But this begs the question: Shouldn’t we train models using Python, then run them in the browser? My response would be, ‘No… because different use cases benefit from different approaches.’
There are several benefits of using Pythons to train models. But there are also specific limitations to consider.
We know the theoretical gains of deploying a machine learning model in a web browser — but let’s make the theory concrete by exploring three real-life examples.
1. UX/UI Quality Testing
A visitor decides if they like a website within 500ms of the site loading, while an Adobe study warns that 38% of users who don’t like a web page will never return to the site. What’s the takeaway? If your website is confusing, unappealing, or in any way unsatisfactory, there’s over a one-in-three chance you’ve lost a potential customer for good.
But you can avoid this. When testing a new layout, you can deploy a model that uses footage from a web-cam to show if a user likes a design… or finds it confusing — and you can try this for yourself below.
When was the last time you gamed? Were you playing against a computerized opponent? If so, you will have no doubt noticed your opponent had their own ‘will’ — and it’s all thanks to what’s going on in the browser.
Browser-based games have become increasingly complex and visually appealing in recent times. You can even play them offline and still have a capable opponent. Again, that’s all courtesy of the AI that’s running on the end user’s device.
Since COVID, browser-based gaming has become more popular than ever, with the global gaming market estimated to hit $30bn by the end of 2020. If you want to game and you remember one called Kinect, why not try our very own Tomasz’s version, which he built during a hackathon.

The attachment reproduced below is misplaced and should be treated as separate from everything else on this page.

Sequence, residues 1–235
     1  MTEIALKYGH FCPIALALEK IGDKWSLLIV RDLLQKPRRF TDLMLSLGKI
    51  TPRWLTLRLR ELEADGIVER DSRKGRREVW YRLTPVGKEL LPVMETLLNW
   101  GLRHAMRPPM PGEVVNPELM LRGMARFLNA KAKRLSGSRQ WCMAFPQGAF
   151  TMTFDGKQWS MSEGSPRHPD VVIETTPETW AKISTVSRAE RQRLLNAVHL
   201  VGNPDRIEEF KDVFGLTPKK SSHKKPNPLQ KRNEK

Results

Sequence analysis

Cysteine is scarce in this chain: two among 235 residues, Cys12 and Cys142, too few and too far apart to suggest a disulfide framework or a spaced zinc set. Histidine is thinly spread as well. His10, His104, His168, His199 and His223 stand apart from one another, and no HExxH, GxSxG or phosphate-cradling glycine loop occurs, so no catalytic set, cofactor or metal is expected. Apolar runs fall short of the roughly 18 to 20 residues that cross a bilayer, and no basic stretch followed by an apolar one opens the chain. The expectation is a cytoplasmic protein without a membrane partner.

Very neat, huh? And it all happens in the browser.
The pandemic has forced us to change our habits. Many have moved their office into the home, which has come as a bit of shock. Video meetings are now routine, which itself is presenting somewhat of a dilemma.
Video-based communication has unraveled the privacy of our home: a personal picture on the wall, books cluttering the screen, family wandering by — there are many aspects we might not want coworkers (or clients) to see.
Thankfully, browser-based machine learning is helping to maintain our privacy with nifty features found in the likes of Zoom and Google Meet. You can simply replace your background, as you can see below.
But its use in web browsers gives it a considerable role in machine learning, not least because almost every Internet-enabled device connects to a browser.
This degree of availability of artificial intelligence opens up a raft of unique business opportunities, enabling you to collect and use data for machine learning, which could ultimately benefit us all.